P.S
Had anyone ever eaten the above critters that I call yabbies?
 

Bernoulli

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When I was a kid I lived near New Orleans. Crawfish (Yabbies) are taken very seriously there. I used to cach them with a bit of bacon on a string, or a trap - screen with bait (milt = spleen) tied in the middle and a string to pull it up.

Here's how to cook them:


Ingredients

1 1/2 gallons water
10 bay leaves
1 cup salt
3/4 cup ground red pepper
1/4 cup whole allspice
2 tablespoons mustard seeds
1 tablespoon coriander seeds
1 tablespoon dill seeds
1 tablespoon red pepper flakes
1 tablespoon black peppercorns
1 teaspoon whole cloves
4 celery ribs, quartered

3 medium-size onions, halved
3 garlic bulbs, halved crosswise
5 pounds crawfish

Preparation

Bring 1 1/2 gallons water to a boil in a 19-quart stockpot over high heat. Add bay leaves and next 12 ingredients to water. Return to a rolling boil.
Reduce heat to medium, and cook, uncovered, 30 minutes.
Add crawfish. Bring to a rolling boil over high heat; cook 5 minutes.
Remove stockpot from heat; let stand 30 minutes. (For spicier crawfish, let stand 45 minutes.)
Drain crawfish. Serve on large platters or newspaper.

Beer is necessary.
 
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pap11y

Richard Proenneke
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+1 on these guys..

They taste great just boiled and I was amazed where we found them..

My uncle, cousin and I had a feast of these guys ages ago in vic.

We used a piece of meat on a string and a scoop made out of wire and fence wire we found at the location.

I enjoy these guys more than fresh fish.
 

Hairyman

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Hi All, brings back great memories reading through the stories of catching a feed out of the creek with a trap or bit of string. I think all kids should have memories like that.

Now....am I the only one here that calls them Crawchies??? At home we have always called them Crawchies and Yabbies have always been the little fellas in the saltwater that you can pump for bait, like this little fella....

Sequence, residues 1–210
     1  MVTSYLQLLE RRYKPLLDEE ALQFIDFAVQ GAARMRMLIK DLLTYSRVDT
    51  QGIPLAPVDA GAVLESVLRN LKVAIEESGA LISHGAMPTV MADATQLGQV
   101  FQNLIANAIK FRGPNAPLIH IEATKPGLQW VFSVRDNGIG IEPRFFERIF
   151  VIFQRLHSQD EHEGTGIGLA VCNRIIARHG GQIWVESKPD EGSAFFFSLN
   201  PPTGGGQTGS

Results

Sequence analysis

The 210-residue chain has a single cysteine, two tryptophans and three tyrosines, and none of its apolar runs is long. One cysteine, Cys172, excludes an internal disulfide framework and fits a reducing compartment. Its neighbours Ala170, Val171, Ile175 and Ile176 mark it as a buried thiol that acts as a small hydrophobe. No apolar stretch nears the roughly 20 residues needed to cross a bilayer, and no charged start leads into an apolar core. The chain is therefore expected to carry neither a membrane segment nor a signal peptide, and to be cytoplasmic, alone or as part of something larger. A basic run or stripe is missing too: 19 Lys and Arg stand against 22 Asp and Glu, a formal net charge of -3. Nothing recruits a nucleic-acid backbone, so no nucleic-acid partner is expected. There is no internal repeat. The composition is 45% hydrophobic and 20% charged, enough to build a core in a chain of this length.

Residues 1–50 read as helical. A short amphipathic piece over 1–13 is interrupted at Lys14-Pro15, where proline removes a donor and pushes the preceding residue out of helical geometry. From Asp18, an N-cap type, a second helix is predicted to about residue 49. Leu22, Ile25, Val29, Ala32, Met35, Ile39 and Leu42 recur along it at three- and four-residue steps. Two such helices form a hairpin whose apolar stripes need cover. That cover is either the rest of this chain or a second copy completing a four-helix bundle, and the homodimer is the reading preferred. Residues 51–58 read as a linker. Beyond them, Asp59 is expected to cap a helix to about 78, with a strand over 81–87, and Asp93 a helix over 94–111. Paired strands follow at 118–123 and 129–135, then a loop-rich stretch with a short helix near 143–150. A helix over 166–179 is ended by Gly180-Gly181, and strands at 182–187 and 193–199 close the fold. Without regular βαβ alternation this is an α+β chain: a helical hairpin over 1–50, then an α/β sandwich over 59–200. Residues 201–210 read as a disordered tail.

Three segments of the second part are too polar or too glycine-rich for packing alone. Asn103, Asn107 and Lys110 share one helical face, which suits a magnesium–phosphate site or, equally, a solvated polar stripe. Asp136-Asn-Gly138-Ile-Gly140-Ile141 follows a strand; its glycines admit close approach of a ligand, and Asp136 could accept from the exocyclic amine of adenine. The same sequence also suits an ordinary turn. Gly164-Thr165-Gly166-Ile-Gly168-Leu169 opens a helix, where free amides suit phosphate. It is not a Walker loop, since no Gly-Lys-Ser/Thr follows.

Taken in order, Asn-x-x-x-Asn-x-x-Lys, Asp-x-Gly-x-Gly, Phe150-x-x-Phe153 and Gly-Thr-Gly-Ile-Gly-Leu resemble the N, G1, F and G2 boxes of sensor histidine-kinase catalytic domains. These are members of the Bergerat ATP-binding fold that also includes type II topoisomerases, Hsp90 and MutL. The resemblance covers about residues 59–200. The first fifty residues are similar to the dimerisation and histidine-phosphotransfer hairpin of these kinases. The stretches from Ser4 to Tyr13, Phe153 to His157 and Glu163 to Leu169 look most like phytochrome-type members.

Anyone else with me????

P.S
Had anyone ever eaten the above critters that I call yabbies?
Crawchies must be a Rocky/Gladstone thing because my X brother in law (from up that way) called them that too.
When I was a kid we called the freshwater ones 'Lobbies'.
As far as the saltwater ones Ive only used them for bait and they are usually called yabbies too.
Nowdays with the spread of redclaw when I talk about freshwater crayfish I will say 'blueclaw' for Cherax destructor and 'Redclaw'for
Cherax quadricarinatus.

They all taste pretty good cooked in salted water.
 

Timmy

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Anywhere is worth a try mate. Any creek or dam or river.

We called em lobbies in Brisbane when I was a kid. I still do. Pumped yabbies for fishing, saltwater.

I put 2 in my fish tank along with some guppies and shrimp. Each morning there would be less shrimp and guppies. At night when it was dark sometimes I put a red filtered torch on the tank and they would be out hunting. Once one somehow jumped out of the tank and went walking around the house. I released them back into the creek.
 
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Bloffy13

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Gilgies from the swamps around my place when I was a kid growing up in South Yunderup. Cooked 'em in old tins over small fires Mum said we weren't allowed to light. Awesome. We went taddying while we waited.
Sometimes get a bit of aniseed oil and put that on the bait. They would go crazy for that.
I think you're not allowed to do that any more.
We used to go marroning on the farms around my cousins' place at Pemberton. THAT is the premier freshwater crustacean. I've even seen them wandering around 20m from the edge of a swamp when I was out four wheel driving.
My uncle had a monster one mounted on a board. It was a beer can between the eyes and took three blokes to haul it in... Not quite but it was HOOOGE...
Cheers
Bloffy